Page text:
Although the disruption of trade by the Covid-19 pandemic has been profound, affecting both supply and demand, the operational flow of cross-border goods has in fact proved remarkably resilient. One of the main reasons for this is digitalisation. The digital supply chain has developed over the last few years to a point where it has made a significant positive contribution to the robustness of trade during the pandemic.
Three key components of digitalisation have proved vital to crisis-hit supply chains. Firstly, the onboarding of counterparties onto the system, with due diligence taking place electronically and a massive increase in the use of digital signatures, has eliminated much paper documentation. This means that new suppliers of life-saving PPE equipment, can be sourced speedily and successfully.
Secondly, digitalisation has enabled a vast improvement in bank-client connectivity, with banks connected digitally to client accounting platforms via APIs, host-to-host applications and web uploads. Thirdly, as instant payments can flow globally as part of both trade settlement and of an integrated supply chain, finance through electronic trade platforms has been vitally important to companies on both sides of a trade. This has been particularly true of sectors at risk of a liquidity shortfall, such as energy, consumer, hardware and industrials.
In addition, digital platforms play their part at the other end of such transactions, as an engine for the distribution of trade assets among investors. While major banks may sponsor the platforms, they can include a whole range of funders including peer group banks, challenger banks, non-bank FIs and private investors. This is beneficial for both banks and companies – access to digitalised investors able to participate in trade financing facilitates scaling up the size of facilities, plus the optimisation of assets, while reducing the risk of finding disruption. It is through a combined approach involving many different funders that companies can most effectively be supported.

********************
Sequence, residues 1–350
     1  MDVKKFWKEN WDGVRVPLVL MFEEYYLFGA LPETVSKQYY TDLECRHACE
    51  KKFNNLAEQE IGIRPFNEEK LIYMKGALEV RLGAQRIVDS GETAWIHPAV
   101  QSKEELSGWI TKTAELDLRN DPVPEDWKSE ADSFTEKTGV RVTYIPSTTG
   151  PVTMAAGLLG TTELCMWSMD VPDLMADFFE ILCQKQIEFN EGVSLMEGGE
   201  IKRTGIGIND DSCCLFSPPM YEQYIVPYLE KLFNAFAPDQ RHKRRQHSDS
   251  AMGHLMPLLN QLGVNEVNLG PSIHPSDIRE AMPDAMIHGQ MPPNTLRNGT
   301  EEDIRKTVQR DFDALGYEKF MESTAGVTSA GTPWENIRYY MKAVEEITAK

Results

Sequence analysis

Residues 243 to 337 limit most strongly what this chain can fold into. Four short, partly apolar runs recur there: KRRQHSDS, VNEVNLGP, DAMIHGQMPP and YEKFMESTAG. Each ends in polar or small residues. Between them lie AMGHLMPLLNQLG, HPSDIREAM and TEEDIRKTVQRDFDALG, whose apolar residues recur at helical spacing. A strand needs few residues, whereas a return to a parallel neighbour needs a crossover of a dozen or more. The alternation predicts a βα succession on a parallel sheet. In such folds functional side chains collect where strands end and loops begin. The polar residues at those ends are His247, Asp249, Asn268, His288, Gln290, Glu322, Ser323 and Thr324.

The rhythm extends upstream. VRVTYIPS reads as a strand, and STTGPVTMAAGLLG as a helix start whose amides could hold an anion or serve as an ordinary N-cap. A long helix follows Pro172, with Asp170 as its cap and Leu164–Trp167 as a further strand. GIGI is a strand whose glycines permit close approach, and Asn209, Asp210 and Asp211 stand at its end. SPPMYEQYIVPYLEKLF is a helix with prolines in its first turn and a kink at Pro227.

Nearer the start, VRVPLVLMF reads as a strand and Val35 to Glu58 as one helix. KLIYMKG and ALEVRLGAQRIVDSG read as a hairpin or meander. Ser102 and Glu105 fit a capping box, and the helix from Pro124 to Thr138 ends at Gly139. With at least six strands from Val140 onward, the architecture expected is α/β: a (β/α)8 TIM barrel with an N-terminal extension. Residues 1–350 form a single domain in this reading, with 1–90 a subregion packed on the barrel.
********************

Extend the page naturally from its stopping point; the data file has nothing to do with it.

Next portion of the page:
Even so, the business environment remains challenging. Consumption has increased, investment has been put on hold. Any weakness or inefficiencies in supply chains has resulted in price volatility for certain goods, or goods sourced from unfamiliar suppliers. This affects the cash flows and profitability of industries in many different sectors, triggering downgrades leading to difficulties in gaining access to funding. Among those most hard hit in this respect are aviation, shipping, travel, hospitality, fashion and luxury goods.
Recovery will take time and will require government help. Most governments and central banks have indeed stepped up to the plate, introducing helpful measures such as cutting interest rates and easing restrictions on commercial banks as well as increasing loans to states and businesses.
One issue that has emerged as a result of the pandemic has been an increase in fraud, but here again advanced digitalisation is proving a key feature of defence. Banks are implementing specific processes to assess new suppliers of medical equipment, for example, to determine if they are genuine transactions with use of digital firewalls with password-protected digital identities established and digital KYC checks.
Finally, while the pandemic is creating a new trade environment, the sector must not lose sight of its recently acquired sustainability goals. Citi continues to be a major advocate of sustainability within supply chains, with all counterparties required to meet ESG standards. As the industry comes together to find ways to support global trade during the pandemic and its aftermath, it’s clear that once we emerge from the current situation the world of trade is going to look very different. Supply chains will have been re-evaluated and the true value of digitalisation appreciated. But future progress depends on today’s actions, which must be focused on the long term despite the immediate demands of the crisis.